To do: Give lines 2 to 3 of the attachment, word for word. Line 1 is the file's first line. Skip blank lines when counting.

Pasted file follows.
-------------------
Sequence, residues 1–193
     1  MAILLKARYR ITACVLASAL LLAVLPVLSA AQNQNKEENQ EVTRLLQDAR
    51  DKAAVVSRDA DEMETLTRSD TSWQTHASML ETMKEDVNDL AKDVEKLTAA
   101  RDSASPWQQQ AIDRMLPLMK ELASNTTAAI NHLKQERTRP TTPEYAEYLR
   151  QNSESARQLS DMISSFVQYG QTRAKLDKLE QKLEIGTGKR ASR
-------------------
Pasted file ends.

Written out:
     1  MAILLKARYR ITACVLASAL LLAVLPVLSA AQNQNKEENQ EVTRLLQDAR
    51  DKAAVVSRDA DEMETLTRSD TSWQTHASML ETMKEDVNDL AKDVEKLTAA